Best Supporting Actor: There’s a lot to criticize about Mahershala Ali’s character in Moonlight. You could say it and much of the movie is a cliche seen in numerous other independent films that the public apparently never saw. You could still be annoyed that his character’s arc is abruptly truncated and in a dissatisfying way (no spoilers.) But you can’t ignore that, in his limited screen time, Ali nails the role of the mentoring drug kingpin and is as memorable as any of the three leads. He won the SAG and Golden Globe Award and made viral-worthy speeches that may have done more for his career than his riveting performance in House of Cards. Jeff Bridges was phenomenal fun, Lucas Hedges is just as worthy and Michael Shannon is shockingly overdue — but none of these factors are enough to stop this train. Prediction: Mahershala Ali
Best Supporting Actress: Even Manchester by the Sea haters have to admit that, even with her limited screen time, Michelle Williams is devastating. She deserves the award here — but Viola Davis, with more screen time and a more substantial character, with more powerful moments and a deserving TV and film resume, as well as co-headlining the Denzel’s Broadway revival of Fences seven years ago, the voters are almost certainly going to go with her here. Naomie Harris, who ages significantly on screen and goes through hell and back, is also deserving and is probably running a close second or third in balloting, is not as well known and will probably lose out for that reason alone, sadly. Prediction: Viola Davis
Best Adapted and Original Screenplays: Arrival is both the most inventive and original of adapted screenplays, but it’s up against Moonlight and voters must give Berry Jenkins something, methinks. (Not to mention Hidden Figures is also in this category — and it has the most momentum of any movie nominated this year, including La La Land.) Original screenplay is much more competitive — Kenneth Lonergan should get his consolation prize here, but the La La Land juggernaut could be poised to seize the title. With some voters soured on the sad realism of Manchester, this is a close one. Flipping a coin… Predictions: Moonlight and Manchester By the Sea* (*but maybe La La Land)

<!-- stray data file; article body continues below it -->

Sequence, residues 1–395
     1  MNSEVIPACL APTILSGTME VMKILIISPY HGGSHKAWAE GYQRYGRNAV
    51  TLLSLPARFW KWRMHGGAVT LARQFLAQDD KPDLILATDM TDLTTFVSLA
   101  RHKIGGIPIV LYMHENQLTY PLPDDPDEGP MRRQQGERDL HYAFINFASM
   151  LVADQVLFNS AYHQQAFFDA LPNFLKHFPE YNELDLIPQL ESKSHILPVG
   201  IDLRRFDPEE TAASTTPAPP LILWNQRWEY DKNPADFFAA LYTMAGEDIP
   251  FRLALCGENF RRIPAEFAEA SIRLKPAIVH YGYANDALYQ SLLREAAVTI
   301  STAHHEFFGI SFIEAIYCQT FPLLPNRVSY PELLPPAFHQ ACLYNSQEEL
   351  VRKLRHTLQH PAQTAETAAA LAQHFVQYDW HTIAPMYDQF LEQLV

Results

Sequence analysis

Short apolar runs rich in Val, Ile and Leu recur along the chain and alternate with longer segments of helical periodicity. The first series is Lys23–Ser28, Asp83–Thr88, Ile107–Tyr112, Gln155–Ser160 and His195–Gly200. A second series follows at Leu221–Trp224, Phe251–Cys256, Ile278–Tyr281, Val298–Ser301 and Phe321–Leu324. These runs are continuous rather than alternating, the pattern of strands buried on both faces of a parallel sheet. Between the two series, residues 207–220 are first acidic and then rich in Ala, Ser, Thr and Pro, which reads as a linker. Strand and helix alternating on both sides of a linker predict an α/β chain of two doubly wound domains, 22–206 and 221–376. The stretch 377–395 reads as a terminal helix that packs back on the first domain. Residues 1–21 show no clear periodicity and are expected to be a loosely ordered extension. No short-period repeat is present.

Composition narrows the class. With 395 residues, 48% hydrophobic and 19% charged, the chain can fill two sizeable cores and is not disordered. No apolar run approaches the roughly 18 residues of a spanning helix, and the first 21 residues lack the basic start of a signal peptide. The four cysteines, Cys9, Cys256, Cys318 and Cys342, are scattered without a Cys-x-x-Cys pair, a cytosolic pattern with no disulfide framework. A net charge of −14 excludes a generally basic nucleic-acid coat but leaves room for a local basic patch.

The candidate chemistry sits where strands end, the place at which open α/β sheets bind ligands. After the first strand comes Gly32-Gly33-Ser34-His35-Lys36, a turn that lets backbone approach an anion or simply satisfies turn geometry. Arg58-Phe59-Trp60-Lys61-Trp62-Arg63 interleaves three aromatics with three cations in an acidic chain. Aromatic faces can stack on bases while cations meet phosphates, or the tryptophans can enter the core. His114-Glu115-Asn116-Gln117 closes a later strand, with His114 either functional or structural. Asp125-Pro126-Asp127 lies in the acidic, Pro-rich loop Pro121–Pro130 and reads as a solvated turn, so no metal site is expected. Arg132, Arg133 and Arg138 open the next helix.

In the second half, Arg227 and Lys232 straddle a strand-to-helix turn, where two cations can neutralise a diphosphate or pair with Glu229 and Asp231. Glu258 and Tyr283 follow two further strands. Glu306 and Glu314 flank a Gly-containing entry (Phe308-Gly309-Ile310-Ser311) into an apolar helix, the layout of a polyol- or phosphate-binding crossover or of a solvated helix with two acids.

Best Animated Feature: Usually, there’s no question who will win this category. Whichever film combines the biggest box office with the strongest reviews takes home the gold trophy, which means Disney’s Zootopia this time. Despite five excellent nominees, the Academy probably won’t watch them by the time voting ends, which means Zootopia wins it by default. Close runner-up is Laika’s Kubo and The Two Strings, which won Best Animated Feature at the BAFTAs and whom many are saying should win instead. Prediction: Zootopia
Best Documentary Feature: A highly-competitive category for the bazillionth year, and for good reason. The leading contender is O.J.: Made In America, an eight-hour documentary with horrific content that covered one of the most controversial trials in American history and aired on ESPN. It doesn’t exactly spell “slam-dunk Oscar winner” to us. Meanwhile, The 13th is a Netflix original from the most respected African-American female director ever, who was robbed of an Oscar nomination a few years back, and has been streaming in a much more palatable 100-minute version. I Am Not Your Negro is also garnering huge buzz but doesn’t have the same cache; if it won, it wouldn’t be a shock, but it would still be a significant upset. Prediction: O.J.: Made In America
Best Foreign-Language Film: Experts are divided on this category, believing Toni Erdmann has been the frontrunner, but admitting that publicity over the Trump travel ban is actually boosting The Salesman. Asghar Farhadi, a previous winner for A Separation said he wouldn’t show up at the ceremony no matter what his legal status is by the time of the ceremony, and he could just as well have faded from the pack, but the momentum seems to be swinging back toward The Salesman. A Man Called Ove is also competitive here (a big plus is that it’s also nominated for Hair/Makeup) but probably not a factor. Prediction: The Salesman
Watch the Oscars being handed out at the 89th Academy Awards taking place Sunday, February 26, 5:30pm PST and broadast on ABC.